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T.E.A.M. School Liaison Program Gains 25 New Officers

Twenty-five officers from around the state will soon be headed to classrooms in your community after graduating from the Teaching, Educating, and Mentoring (T.E.A.M.) School Liaison Program. The Michigan State Police (MSP) Grants and Community Service Division hosted the four-day training, which concluded Thursday, Feb. 27.

"I was a Community Service Trooper for six years and I went through this exact training," said class instructor Sgt. Martin Miller, MSP's Grants and Community Services Division. "This is my passion and I enjoy seeing others realize it's theirs too."

T.E.A.M. is a school-based, law-related curriculum that is taught to grades K-12 by T.E.A.M.-trained police officers with the goal of uniting educators, students and law enforcement officers to better equip children to protect themselves from crime.

Officers receive instruction in student/juvenile psychology, classroom management, and public speaking. In addition to traditional topics like personal safety, the T.E.A.M. curriculum has been updated to address current issues including bullying and harassment, cybercrime, school security, human trafficking, social media use and vaping.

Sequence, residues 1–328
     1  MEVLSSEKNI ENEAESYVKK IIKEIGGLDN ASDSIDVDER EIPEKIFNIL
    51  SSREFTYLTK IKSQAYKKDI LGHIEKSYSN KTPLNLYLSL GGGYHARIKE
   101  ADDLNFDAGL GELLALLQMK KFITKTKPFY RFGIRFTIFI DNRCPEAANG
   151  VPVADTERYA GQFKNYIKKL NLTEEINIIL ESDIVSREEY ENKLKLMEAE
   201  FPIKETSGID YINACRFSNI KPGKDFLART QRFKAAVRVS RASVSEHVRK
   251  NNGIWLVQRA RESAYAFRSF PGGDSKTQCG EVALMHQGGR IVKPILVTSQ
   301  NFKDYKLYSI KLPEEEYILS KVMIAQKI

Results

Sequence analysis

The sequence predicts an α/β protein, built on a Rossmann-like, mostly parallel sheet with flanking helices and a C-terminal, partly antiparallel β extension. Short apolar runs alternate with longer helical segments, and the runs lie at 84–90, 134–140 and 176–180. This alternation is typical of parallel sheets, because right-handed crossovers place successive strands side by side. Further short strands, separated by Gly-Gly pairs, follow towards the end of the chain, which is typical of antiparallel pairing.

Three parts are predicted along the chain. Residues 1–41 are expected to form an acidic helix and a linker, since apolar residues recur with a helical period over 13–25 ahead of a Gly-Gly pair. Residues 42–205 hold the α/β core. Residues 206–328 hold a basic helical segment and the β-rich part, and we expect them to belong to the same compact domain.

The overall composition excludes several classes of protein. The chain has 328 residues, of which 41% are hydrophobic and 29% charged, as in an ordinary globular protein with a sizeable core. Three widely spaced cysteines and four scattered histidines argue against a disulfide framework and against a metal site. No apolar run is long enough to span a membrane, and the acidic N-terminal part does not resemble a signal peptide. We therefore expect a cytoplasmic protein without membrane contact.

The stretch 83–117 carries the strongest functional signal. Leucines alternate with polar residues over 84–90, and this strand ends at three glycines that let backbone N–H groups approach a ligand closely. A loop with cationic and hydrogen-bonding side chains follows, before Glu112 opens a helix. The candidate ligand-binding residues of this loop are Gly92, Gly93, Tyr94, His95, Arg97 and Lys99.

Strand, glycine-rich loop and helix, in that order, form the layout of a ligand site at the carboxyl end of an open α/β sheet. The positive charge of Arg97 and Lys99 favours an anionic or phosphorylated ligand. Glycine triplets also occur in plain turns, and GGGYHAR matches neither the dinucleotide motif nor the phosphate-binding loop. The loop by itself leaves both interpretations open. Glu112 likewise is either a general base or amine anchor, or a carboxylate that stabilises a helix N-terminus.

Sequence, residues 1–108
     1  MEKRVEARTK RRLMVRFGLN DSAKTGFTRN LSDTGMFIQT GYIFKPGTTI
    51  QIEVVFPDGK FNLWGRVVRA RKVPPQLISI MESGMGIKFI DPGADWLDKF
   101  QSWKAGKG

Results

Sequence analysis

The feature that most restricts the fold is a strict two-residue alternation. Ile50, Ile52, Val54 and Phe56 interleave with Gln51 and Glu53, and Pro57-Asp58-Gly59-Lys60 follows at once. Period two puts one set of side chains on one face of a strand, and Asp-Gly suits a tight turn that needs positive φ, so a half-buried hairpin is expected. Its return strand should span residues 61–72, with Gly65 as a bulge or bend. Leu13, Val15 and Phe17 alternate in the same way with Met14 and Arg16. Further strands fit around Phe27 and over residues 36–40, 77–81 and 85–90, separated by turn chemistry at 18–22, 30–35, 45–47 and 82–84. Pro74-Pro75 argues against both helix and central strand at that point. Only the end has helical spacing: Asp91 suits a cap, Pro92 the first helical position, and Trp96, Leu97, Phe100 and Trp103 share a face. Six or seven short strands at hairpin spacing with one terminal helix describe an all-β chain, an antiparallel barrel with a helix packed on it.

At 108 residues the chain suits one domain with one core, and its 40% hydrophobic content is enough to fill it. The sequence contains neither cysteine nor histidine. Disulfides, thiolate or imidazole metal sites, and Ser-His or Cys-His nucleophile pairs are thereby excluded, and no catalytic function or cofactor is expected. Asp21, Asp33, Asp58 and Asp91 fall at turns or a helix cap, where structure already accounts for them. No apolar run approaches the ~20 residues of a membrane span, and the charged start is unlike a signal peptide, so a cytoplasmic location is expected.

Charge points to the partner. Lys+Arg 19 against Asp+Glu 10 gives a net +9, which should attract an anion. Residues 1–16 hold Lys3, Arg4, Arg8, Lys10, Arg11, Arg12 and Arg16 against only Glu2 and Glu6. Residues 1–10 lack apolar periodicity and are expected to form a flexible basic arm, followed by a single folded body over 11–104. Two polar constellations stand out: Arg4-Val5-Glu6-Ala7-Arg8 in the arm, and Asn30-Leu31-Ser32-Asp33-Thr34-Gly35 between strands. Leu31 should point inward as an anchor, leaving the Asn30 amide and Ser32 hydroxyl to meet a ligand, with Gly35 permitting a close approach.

This class included officers from five MSP Posts, eight sheriff's departments and nine city or township police departments. Trooper Paul Maxinoski, assigned to the Wakefield Post, was one of the participants.

"I was involved in the school system before I became a trooper, but I didn't know this program existed," said Trooper Maxinoski. "All of the students in our district attend class in the same building. I could be with first graders one hour and teenagers the next. This program has prepared all of us for class control at any age or grade."

T.E.A.M. allows officers to teach at any of the three levels of education - elementary, middle or high
school. The curriculum has been implemented in approximately 250 Michigan school districts in the time since it was developed in 1998 by the MSP, with the assistance of Central Michigan University.

"You are uniquely equipped to make a difference," said F/Lt. Kevin Caldwell, MSP Grants and Community Services Division, before dismissing the group. "I encourage you to shoot for one - one student, one community member, one person. Go do it and be great at it."